The absolute best user interface idea ever in a car is that little arrow next to the fuel pump icon on the fuel gauge, you know the one I mean. (And if you’ve never noticed this before, you’re welcome 🙂
Maybe not absolutely necessary after you’ve had your car for a while, but very (very) useful when driving an unfamiliar car, like a rental. Other than that, I have to admit never really paying much attention to the fuel gauge in a car (at least not until the low fuel light starts blinking!). Not until I found myself in one of those aforementioned rental cars, anyway.
In my experience the fuel gauge in most vehicles, such as my Nissan Frontier, is based on textual indicators, specifically Full and Empty.
On the other hand, the VW Passat I once rented had a a gauge based on numerical indicators, with a full tank represented by 1 and an empty tank interestingly not indicated by either text or number.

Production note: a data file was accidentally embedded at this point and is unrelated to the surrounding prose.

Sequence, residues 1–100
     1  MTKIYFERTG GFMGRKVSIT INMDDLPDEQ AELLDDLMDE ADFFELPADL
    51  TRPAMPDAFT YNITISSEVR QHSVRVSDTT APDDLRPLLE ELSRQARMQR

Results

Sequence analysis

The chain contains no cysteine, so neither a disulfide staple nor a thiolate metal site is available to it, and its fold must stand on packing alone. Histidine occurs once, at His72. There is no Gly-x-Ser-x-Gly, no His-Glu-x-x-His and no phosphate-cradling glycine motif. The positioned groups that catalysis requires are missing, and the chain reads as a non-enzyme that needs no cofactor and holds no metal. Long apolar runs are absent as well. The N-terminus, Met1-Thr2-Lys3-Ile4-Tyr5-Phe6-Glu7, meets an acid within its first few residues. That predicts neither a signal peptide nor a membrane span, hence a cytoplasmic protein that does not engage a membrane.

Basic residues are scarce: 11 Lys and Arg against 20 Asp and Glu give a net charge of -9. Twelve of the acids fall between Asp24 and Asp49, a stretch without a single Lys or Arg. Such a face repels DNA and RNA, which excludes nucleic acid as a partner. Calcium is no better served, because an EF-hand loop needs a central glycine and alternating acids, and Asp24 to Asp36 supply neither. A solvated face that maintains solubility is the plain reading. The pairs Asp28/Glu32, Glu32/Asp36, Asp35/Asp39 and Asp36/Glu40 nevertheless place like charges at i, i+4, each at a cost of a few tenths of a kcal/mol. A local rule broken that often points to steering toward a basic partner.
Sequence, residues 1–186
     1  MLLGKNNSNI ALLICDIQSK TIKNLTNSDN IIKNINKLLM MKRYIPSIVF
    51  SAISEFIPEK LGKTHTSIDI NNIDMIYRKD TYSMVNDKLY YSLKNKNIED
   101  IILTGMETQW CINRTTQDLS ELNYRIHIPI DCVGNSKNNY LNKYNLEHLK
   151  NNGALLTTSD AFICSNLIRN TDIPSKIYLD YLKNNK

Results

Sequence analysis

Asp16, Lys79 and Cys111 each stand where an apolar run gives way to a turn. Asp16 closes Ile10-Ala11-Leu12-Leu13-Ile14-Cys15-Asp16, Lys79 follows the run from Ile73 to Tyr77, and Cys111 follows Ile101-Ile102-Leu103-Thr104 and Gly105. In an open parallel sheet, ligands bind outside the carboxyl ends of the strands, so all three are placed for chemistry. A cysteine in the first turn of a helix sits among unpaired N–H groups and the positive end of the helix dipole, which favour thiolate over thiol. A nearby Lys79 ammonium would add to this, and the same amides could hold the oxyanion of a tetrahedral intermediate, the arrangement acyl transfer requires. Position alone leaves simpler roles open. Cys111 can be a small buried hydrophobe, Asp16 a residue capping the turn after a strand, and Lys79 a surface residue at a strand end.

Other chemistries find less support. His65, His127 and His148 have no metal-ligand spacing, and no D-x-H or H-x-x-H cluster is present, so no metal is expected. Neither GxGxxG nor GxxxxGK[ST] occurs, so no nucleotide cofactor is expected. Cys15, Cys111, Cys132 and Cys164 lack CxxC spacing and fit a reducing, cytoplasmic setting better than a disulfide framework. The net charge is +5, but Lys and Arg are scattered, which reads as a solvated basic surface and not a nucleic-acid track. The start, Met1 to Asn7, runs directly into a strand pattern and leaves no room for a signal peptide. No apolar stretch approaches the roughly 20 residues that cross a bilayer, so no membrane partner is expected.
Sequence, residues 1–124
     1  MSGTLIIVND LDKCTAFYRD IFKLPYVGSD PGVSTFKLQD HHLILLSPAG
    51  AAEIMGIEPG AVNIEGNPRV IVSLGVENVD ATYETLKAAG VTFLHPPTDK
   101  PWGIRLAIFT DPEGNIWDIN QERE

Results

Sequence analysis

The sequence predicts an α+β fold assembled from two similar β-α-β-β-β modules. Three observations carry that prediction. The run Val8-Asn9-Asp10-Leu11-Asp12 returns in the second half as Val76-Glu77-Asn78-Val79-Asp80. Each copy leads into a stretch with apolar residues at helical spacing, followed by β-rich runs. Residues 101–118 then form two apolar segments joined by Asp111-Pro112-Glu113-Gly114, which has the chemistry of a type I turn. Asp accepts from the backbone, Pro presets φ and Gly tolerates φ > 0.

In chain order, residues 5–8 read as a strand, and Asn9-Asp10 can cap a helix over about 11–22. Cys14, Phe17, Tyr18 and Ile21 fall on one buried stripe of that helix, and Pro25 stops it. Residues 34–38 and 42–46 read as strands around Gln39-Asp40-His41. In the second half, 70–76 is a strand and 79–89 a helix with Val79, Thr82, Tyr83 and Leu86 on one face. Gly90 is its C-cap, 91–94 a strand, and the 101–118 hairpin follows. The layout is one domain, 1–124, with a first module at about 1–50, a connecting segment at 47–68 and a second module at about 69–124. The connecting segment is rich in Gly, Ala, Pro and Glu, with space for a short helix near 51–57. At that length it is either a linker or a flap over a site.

Having the fuel gauge top out at 1, with the halfway point being 1/2 and empty (presumably) 0, is somewhat reasonable in a mathematical sense. And interestingly, the value of “half” works in either/both the textual and numerical senses.
But most people aren’t really interested in the math of the situation, they’re not thinking, “Oh, I’m almost at zero fuel.” They’re thinking (as the low fuel light blinks at them), “Oh, the tank is almost empty.”
I can’t help wondering how the systems engineers and the user experience team at VW decided to use 1 to indicate a full tank. What was the decision-making process, and what were the evaluation criteria? Is this a case of engineers being engineers? Perhaps a cultural thing, something uniquely German? Or is there something else at play here?
If you know, please share.